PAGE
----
I wonder why halved spatchcocked turkeys are not sold (at least I never saw one). Especially in these times when gatherings are small and small turkeys are rare?
Poultry farms which sell retail sold halved 20+ pounders this year as an option. In past years, I have seen them in supermarkets the week after Thanksgiving and Christmas. You wouldn’t need to spatchcock a bird that’s already been halved along back and breastbone.
I can’t view the entire culture, only the little corner of it that directly touches me - but I wonder if there’s a feeling for some people that if it’s not a whole turkey then it’s “just not right somehow”. Certainly there’s another group who don’t need there to be a turkey at all, and for that group, half a turkey would be one good option among many. I agree with you that cutting most turkeys in half would certainly have been a reasonable move in 2020. But maybe the turkey industry leaders believe tradition is the reason for most turkey purchases, and they don’t want the turkey business to start looking non-traditional? Or they believe that once a person starts considering alternatives, “something completely different” usually wins out over “part of a turkey”?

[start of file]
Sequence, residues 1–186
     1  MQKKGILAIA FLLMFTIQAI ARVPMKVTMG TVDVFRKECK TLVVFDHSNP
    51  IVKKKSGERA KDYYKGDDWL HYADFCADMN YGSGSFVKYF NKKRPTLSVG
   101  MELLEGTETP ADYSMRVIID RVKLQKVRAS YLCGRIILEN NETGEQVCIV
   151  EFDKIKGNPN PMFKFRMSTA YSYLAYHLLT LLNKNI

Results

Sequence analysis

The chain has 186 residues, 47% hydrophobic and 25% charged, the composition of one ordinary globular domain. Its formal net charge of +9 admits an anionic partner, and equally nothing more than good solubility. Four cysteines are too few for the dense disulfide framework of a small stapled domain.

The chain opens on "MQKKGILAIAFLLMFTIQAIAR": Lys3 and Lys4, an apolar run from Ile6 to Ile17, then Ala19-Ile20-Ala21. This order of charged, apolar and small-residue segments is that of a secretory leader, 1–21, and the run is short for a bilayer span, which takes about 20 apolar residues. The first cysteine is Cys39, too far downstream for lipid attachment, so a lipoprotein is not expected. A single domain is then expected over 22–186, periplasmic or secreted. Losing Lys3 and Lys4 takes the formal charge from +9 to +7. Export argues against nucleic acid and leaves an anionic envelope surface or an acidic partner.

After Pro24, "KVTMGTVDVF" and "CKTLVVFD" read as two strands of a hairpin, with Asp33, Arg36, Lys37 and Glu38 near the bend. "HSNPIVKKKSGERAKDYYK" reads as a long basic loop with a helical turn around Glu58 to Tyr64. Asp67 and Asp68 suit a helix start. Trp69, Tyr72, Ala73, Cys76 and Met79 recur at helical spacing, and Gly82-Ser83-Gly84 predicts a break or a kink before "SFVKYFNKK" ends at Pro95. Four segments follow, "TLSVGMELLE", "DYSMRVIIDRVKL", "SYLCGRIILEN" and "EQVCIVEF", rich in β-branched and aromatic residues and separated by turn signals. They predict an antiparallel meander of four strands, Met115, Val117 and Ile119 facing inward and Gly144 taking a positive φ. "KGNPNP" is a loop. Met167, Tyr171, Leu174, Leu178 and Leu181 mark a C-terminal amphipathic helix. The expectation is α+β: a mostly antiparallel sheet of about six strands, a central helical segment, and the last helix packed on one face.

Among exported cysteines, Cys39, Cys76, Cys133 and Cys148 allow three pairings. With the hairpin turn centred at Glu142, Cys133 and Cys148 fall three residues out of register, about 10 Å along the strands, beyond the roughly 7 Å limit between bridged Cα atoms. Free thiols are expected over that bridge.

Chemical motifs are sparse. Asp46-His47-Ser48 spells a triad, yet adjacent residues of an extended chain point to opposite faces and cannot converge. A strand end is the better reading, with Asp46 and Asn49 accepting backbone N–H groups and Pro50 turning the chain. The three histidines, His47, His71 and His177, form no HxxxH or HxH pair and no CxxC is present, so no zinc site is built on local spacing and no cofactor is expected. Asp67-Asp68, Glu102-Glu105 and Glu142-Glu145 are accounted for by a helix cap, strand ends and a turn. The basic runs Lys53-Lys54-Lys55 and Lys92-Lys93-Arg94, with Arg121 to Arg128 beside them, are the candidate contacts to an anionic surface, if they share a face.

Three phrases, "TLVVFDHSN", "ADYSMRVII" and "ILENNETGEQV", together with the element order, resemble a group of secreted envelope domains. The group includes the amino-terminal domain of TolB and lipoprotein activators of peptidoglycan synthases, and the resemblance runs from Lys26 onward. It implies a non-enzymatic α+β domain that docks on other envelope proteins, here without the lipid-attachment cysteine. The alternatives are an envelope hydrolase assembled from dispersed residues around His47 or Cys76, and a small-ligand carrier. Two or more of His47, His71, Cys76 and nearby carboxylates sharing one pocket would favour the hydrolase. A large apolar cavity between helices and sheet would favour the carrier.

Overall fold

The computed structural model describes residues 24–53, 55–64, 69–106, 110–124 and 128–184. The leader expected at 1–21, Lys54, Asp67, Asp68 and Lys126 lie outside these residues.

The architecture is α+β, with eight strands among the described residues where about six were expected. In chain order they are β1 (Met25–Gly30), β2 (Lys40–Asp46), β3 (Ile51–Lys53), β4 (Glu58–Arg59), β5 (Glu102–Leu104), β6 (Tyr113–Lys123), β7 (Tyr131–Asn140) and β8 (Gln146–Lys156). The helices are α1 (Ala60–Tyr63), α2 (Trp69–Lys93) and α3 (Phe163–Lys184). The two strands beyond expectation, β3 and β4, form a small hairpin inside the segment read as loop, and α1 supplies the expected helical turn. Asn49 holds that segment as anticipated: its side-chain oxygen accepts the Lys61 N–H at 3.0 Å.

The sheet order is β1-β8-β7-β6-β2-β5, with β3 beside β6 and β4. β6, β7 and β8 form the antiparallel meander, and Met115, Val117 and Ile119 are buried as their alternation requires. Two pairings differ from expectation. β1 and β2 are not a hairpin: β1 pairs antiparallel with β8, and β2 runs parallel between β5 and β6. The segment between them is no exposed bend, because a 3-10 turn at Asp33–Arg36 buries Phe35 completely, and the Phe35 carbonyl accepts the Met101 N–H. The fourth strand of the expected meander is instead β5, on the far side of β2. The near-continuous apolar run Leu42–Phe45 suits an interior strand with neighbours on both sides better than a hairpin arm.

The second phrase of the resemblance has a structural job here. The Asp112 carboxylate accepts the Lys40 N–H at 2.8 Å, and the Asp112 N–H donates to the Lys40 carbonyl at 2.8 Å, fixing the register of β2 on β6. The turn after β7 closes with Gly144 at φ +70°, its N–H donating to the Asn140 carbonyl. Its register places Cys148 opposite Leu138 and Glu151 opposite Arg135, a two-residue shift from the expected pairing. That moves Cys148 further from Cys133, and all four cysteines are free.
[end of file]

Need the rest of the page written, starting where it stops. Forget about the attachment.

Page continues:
I think there is a lot to that. “Tradition” comforts many of us. Especially during stressful times like these. I have read so much about people cooking turkey because that’s the way it’s always been done, but they focus on the other parts of the meal. Turkey is the physical centerpiece of the meal, but it reality it’s just a supporting player.
I like your cultural perspective on the holiday feast. Some people just don’t want to mess with the script for Thanksgiving. When I was a year abroad in college away from the USA, and Thanksgiving meant nothing to the locals, I felt oddly isolated.